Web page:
Dialectical Abstinence & Harm Reduction

Navigating Crisis Survival in Dialectical Behavior Therapy


Dialectical Behavior Therapy (DBT), developed by Dr. Marsha Linehan in the late 1980s, is a cognitive-behavioral treatment that emphasizes the psychosocial aspects of treatment. DBT focuses on helping individuals build new skills to manage painful emotions and decrease conflict in relationships. A crucial component of DBT is distress tolerance, particularly in crisis situations. One of the key strategies under this component is “Dialectical Abstinence,” a synthesis of abstinence and harm reduction philosophies. This article aims to explore this concept and its relevance in DBT, providing insights for individuals and practitioners involved in health and wellness programs.

Understanding Dialectical Abstinence

Dialectical Abstinence is rooted in the dialectical philosophy of DBT, which involves integrating opposites. It is a synthesis of two seemingly conflicting approaches: abstinence and harm reduction.

  • Abstinence: Traditionally, abstinence refers to the complete avoidance of a behavior or substance that is causing harm. In mental health and substance abuse treatment, it is often seen as the primary goal or ideal outcome.
  • Harm Reduction: This approach acknowledges that while abstinence might be the ideal, it may not always be realistic or achievable for everyone. Harm reduction focuses on minimizing the negative consequences associated with a behavior or substance use, without necessarily eliminating the behavior entirely.

Dialectical Abstinence, therefore, involves a nuanced balance between these two philosophies. It promotes the idea of striving for abstinence while also recognizing and planning for potential relapses, thereby reducing harm.

Distress Tolerance and Crisis Survival

Distress tolerance skills in DBT are designed to help individuals cope with intense emotional pain in difficult situations without resorting to self-destructive behaviors. Crisis survival strategies are part of these skills and are intended to help individuals survive a crisis without making it worse. Dialectical Abstinence plays a vital role in this aspect of DBT.

Key Components of Dialectical Abstinence

  1. Radical Acceptance: This involves accepting reality as it is, not as what we want it to be. It’s acknowledging the presence of urges or desires without acting on them.
  2. Mindfulness: Being fully present in the moment helps individuals recognize their thoughts and feelings without judgment, allowing for greater control over their responses.
  3. Balanced Thinking: Instead of seeing situations in black-and-white terms (abstaining vs. indulging), DBT encourages a more balanced view, recognizing the complexity of human behavior and experiences.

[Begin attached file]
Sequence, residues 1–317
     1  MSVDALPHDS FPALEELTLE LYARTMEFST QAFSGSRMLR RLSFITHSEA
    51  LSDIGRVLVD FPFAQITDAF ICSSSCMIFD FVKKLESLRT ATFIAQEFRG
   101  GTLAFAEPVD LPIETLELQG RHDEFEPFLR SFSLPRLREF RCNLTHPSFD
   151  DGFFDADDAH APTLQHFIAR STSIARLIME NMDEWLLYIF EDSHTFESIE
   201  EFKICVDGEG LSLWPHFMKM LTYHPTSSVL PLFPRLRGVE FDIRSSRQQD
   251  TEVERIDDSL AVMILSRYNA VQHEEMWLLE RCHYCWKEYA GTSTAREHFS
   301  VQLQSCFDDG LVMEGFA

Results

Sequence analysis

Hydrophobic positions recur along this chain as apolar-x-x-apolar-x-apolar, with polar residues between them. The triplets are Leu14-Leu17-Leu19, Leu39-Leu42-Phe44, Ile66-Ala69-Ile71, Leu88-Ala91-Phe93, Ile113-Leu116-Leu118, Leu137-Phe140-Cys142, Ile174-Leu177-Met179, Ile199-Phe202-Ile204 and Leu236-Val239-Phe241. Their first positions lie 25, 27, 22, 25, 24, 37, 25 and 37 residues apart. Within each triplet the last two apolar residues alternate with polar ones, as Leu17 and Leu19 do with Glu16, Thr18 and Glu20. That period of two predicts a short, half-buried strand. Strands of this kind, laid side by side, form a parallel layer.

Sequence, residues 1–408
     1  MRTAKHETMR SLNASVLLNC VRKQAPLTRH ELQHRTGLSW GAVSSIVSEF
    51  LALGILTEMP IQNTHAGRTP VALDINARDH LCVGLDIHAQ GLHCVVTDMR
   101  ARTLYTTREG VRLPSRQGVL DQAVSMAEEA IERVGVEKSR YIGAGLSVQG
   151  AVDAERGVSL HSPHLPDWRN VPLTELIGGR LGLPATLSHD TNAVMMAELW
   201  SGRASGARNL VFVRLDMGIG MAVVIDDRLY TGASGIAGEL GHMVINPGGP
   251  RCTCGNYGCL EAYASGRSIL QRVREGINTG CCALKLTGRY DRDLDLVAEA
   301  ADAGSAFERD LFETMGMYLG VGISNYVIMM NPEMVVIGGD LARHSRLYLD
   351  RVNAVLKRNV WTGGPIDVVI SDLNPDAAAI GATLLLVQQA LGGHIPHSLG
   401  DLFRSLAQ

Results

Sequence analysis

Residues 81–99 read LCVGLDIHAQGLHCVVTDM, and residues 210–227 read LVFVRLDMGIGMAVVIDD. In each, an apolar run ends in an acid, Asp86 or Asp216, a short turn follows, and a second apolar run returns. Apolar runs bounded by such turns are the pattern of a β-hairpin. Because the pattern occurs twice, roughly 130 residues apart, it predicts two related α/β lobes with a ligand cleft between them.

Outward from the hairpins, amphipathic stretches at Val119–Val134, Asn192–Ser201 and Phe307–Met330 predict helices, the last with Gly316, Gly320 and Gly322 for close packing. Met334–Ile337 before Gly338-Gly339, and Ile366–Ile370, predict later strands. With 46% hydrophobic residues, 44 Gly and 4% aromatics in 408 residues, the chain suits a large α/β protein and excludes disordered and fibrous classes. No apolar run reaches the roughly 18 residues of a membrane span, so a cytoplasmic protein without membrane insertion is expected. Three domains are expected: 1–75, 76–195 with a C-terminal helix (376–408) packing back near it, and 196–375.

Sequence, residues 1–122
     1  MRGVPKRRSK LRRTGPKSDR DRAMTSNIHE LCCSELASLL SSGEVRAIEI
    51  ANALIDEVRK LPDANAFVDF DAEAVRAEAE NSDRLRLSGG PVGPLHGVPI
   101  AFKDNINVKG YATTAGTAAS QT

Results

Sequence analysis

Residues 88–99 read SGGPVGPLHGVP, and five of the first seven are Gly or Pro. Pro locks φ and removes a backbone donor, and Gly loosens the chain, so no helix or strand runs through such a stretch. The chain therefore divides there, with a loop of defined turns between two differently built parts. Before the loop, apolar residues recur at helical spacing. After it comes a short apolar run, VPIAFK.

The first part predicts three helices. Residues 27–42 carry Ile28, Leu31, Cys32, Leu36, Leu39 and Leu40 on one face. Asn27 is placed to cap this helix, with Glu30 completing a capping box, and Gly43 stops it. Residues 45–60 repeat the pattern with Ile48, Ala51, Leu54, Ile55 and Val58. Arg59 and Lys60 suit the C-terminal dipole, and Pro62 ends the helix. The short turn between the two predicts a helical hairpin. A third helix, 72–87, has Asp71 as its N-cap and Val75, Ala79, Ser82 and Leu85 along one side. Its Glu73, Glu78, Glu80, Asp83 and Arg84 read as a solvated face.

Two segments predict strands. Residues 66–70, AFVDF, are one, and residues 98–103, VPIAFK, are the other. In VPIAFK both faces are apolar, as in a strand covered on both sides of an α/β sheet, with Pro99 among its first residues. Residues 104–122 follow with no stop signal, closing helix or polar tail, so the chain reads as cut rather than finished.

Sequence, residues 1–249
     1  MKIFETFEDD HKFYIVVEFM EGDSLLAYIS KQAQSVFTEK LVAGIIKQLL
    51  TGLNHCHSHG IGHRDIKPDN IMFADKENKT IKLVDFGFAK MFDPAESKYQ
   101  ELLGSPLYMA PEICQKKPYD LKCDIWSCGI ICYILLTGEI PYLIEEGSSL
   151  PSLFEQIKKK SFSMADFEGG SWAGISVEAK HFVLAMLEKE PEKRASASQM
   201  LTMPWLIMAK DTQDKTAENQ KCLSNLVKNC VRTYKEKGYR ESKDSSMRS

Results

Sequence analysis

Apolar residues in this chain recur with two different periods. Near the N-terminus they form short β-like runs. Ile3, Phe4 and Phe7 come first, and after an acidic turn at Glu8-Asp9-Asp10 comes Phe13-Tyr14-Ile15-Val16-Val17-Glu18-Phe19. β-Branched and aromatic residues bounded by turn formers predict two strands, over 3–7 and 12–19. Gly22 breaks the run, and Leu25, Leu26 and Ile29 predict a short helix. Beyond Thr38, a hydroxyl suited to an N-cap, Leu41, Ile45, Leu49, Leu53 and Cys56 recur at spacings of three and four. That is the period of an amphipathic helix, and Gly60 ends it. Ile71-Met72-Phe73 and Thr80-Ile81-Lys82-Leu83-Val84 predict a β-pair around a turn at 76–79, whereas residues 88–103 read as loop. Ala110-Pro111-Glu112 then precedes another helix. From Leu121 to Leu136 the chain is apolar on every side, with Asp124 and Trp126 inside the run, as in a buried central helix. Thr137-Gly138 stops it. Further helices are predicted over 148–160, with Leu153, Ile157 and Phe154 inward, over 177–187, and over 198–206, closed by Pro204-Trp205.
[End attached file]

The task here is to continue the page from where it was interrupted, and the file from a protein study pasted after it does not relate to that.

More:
Implementing Dialectical Abstinence in Therapy

For therapists and counselors, incorporating Dialectical Abstinence into treatment involves:

  1. Assessment and Goal Setting: Understanding the client’s relationship with the behavior or substance in question and setting realistic goals.
  2. Skill Development: Teaching clients skills to manage urges, such as distress tolerance and emotion regulation strategies.
  3. Contingency Planning: Helping clients develop plans for potential relapses, focusing on minimizing harm and getting back on track.
  4. Non-judgmental Stance: Maintaining an attitude of acceptance and understanding, avoiding moral judgments about relapses or struggles.

Challenges and Considerations

  • Individual Differences: Every individual’s journey is unique, and what works for one may not work for another. Personalization of treatment is key.
  • Stigma: There is often stigma associated with relapse in traditional abstinence models. Dialectical Abstinence aims to reduce this stigma by acknowledging relapses as part of the journey.
  • Therapist Training: Adequate training in DBT and an understanding of the dialectical approach are crucial for therapists implementing these strategies.


Dialectical Abstinence is a compassionate, realistic approach within DBT that acknowledges the complexities of human behavior. By balancing the ideals of abstinence with the practicality of harm reduction, it offers a flexible, non-judgmental path to managing distress and crisis situations. For individuals in health and wellness programs, understanding and utilizing this approach can be a significant step towards effective coping and recovery.


  1. Linehan, M. M. (1993). Cognitive-behavioral treatment of borderline personality disorder. Guilford Press.
  2. Tatarsky, A. (2007). Harm reduction psychotherapy: A new treatment for drug and alcohol problems. Jason Aronson.
  3. Marlatt, G. A., & Donovan, D. M. (Eds.). (2005). Relapse prevention: Maintenance strategies in the treatment of addictive behaviors. Guilford Press.
  4. Dimeff, L. A., & Koerner, K. (2007). Dialectical behavior therapy in clinical practice: Applications across disorders and settings. Guilford Press.

Note: The above references are suggested for further reading and do not necessarily reflect the latest developments in DBT and related fields.